I certainly had a rear brake forward mounted (downside is slightly less braking power as the brake isn't braced by the stays) I have an old touring frame with forward canti mounts to avoid fouling with the rack.

At the front I did manage to set up a rear facing brake which worked okay for time trials but even my compact Galli Criterium calipers restricted the steering too much to be a permanent fixture for all round riding.

If you look at BB's bars in Brucey's picture she also has 'aero' cabling long before the levers were commercially available. I had mine set up similarly although I took it further running the cable under the bar tape much as we do now but using non aero levers - again fine for straight line riding but as it interfered with brake hood grip not ideal for road riding generally. (we are talking late 70's when aero was only just becoming a thing)

If I remember correctly, some calipers were available with either L or R cable routing. So just why did LH become the standard?

Of course the rear brake can be mounted behind the BB - usually underneath where they catch all the crap. My Airnimal has it mounted above the stays - a bit awkward to get to but works very efficiently - current brake is a Campag SR skeleton DP - other brakes may not work so well - the previous Shimano was never anywhere near as good in that location.
Convention? what's that then?
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colin54
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Re: Brake position?

Postby colin54 » 27 Jun 2018, 9:50am

This thread led me to this 1980's documentary and in depth interview with Beryl Burton which I hadn't

seen before.

https://www.youtube.com/watch?v=6wTBaW6hcGw

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Mick F
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Re: Brake position?

Postby Mick F » 27 Jun 2018, 10:04am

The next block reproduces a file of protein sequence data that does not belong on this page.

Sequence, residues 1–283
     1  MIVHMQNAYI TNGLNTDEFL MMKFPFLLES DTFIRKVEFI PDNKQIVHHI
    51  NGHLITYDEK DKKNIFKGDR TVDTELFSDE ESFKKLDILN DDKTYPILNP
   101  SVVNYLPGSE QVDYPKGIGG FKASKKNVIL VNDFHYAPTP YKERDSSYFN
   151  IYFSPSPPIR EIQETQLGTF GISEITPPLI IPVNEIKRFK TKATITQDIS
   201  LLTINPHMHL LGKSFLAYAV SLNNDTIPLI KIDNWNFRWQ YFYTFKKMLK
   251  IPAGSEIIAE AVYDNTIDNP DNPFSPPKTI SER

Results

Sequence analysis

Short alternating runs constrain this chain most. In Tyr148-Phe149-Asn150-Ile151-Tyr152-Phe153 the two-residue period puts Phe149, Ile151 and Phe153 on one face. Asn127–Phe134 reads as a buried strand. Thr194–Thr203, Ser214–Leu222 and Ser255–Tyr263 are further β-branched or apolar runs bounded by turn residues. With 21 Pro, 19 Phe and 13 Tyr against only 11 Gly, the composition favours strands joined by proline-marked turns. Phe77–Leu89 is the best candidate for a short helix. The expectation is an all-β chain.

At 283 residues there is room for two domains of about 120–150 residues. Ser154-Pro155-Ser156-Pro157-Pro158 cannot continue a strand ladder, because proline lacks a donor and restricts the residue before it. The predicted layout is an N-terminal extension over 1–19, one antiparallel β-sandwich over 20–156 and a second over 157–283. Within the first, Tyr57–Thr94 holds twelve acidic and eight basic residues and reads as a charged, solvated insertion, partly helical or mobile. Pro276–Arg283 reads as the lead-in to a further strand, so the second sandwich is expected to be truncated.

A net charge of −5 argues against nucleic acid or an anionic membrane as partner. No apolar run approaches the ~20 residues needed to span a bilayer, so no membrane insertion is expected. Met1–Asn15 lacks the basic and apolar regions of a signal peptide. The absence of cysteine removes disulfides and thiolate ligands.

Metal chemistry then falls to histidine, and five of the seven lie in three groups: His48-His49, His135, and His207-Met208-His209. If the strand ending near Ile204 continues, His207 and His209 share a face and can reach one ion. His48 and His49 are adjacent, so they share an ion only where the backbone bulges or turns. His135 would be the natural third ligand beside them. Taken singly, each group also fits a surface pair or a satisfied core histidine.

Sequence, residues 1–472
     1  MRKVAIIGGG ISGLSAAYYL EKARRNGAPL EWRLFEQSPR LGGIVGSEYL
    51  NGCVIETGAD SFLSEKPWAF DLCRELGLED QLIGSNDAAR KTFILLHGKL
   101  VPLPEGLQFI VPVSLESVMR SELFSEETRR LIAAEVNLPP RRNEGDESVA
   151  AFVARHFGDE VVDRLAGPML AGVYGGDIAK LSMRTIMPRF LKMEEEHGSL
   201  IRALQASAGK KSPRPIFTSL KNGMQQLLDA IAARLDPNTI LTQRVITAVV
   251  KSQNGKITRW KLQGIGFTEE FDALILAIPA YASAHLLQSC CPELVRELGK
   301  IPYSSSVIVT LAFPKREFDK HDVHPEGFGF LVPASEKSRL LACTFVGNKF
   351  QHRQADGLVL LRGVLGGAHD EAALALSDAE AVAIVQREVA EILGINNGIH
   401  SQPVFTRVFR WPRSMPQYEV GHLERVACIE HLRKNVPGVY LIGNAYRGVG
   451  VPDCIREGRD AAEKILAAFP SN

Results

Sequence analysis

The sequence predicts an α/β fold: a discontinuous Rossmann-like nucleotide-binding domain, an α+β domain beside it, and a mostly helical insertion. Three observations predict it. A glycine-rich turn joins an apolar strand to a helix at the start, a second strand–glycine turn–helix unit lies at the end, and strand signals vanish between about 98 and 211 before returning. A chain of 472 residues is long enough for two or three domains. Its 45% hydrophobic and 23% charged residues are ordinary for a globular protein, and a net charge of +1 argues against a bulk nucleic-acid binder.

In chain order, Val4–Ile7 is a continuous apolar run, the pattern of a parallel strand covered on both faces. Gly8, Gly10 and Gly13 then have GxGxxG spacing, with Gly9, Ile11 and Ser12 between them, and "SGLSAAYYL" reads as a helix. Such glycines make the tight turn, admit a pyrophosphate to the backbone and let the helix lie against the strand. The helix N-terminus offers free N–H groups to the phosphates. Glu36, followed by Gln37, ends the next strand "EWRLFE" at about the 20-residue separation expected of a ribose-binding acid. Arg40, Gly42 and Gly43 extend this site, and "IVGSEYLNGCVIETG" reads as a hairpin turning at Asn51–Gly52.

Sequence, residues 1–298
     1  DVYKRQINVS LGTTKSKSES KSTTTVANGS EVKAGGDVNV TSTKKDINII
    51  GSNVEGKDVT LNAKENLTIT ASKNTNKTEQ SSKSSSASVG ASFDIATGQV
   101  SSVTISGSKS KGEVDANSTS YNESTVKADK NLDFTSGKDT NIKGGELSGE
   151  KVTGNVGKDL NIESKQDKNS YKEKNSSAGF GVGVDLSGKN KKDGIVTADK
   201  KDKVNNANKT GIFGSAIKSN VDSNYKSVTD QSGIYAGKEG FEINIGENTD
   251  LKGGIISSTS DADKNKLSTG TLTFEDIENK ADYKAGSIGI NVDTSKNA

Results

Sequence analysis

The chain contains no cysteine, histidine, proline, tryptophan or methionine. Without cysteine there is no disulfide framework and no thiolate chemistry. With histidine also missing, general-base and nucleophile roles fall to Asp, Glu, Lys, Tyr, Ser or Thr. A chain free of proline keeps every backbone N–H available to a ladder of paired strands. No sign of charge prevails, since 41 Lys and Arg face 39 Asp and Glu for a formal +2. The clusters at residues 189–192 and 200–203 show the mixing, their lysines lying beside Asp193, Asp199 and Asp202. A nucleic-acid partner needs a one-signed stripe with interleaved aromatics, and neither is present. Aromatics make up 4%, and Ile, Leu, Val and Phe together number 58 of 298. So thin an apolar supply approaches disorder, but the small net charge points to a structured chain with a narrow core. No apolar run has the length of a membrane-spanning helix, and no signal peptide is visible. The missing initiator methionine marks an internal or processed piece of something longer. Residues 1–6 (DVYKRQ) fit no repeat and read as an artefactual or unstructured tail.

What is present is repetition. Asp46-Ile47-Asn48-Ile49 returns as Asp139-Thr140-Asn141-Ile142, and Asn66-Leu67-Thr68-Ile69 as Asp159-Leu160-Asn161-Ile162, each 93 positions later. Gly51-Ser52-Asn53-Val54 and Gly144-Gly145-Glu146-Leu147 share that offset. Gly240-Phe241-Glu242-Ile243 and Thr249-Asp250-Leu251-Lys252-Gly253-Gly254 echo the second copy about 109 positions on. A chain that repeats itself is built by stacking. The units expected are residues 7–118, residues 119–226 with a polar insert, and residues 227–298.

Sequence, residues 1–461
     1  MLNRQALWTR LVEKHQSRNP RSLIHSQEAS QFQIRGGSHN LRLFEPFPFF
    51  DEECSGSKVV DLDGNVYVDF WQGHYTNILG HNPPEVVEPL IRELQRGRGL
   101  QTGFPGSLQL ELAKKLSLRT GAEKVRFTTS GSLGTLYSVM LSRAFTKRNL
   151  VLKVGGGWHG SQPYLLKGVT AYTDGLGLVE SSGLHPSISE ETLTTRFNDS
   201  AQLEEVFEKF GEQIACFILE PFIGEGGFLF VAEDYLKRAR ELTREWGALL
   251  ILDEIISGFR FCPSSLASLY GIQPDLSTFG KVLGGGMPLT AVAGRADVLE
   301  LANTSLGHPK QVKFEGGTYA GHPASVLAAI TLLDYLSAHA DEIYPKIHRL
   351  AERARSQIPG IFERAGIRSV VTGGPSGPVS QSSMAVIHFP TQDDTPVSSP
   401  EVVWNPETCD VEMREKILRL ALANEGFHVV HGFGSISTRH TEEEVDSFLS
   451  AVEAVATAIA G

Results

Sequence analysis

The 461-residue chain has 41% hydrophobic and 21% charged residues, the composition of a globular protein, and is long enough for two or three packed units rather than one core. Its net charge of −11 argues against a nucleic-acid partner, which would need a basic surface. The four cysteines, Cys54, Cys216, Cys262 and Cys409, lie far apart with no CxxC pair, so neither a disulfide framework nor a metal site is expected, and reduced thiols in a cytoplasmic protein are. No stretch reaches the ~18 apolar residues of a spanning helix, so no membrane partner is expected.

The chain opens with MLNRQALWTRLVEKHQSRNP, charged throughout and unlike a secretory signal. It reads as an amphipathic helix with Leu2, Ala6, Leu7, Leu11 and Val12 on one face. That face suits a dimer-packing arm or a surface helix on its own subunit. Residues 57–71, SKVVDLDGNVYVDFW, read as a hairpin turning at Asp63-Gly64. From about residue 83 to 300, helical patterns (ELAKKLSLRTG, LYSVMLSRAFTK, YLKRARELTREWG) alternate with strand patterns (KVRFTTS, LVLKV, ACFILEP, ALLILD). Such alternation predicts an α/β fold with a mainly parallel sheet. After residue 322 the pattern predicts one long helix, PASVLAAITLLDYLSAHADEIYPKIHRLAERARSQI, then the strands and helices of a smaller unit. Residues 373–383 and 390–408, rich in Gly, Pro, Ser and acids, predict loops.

foxyrider wrote: .............. (downside is slightly less braking power as the brake isn't braced by the stays) .............
Neither is the front, and my Campag rear brakes have never been braced by the seatstays.

Looking at the top tube cable guides on Mercian, the rear brake cable wouldn't be happy with the brake trailing behind the stays. Also, the bridge is drilled to take the Allen fitting on the front side of the bridge, but I suppose it could be made to fit.

Moulton is just weird, so the less said about that the better!

Calliper brakes are standardised nowadays to be better for folk abroad who drive on the wrong side of the road. If your front brake was on the left, the cable to the front brake wouldn't cross sides ........... ditto the rear brake cable, giving a better line and shorter cables.
Plus, LH Ergo (front gear change) would do LH brake, and RH Ergo (rear gear change) would do RH brake.

Makes sense really.
Mick F. Cornwall

Brucey
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Re: Brake position?

Postby Brucey » 27 Jun 2018, 11:14am

FWIW there are a few DP brakes that come with the cable routing in the other way; I think Brompton use one like that?

Re brake efficiency; in some caliper brakes the conventional rear mounting allows the brake blocks to twist a bit more 'toe in' as the brake is applied, which can make the brake feel a bit more positive than if the brake is mounted the other way round.

Some of this varies with how the brake is normally used (which determines the starting angle of the brake blocks). Thus a front brake is normally used hard, so is already worn to match a hard braking effort. By contrast a rear brake might be normally used to drag, or brake relatively weakly, so when it is occasionally used hard, the 'toe-in' effect may be more marked.

cheers
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pwa
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Re: Brake position?

Postby pwa » 27 Jun 2018, 12:20pm

Handily, I've had my front brake on the left since, for reasons I can't remember, I swapped them over from the normal UK way at the age of about 15, which means around 1976. I'm just habituated to it being that way now.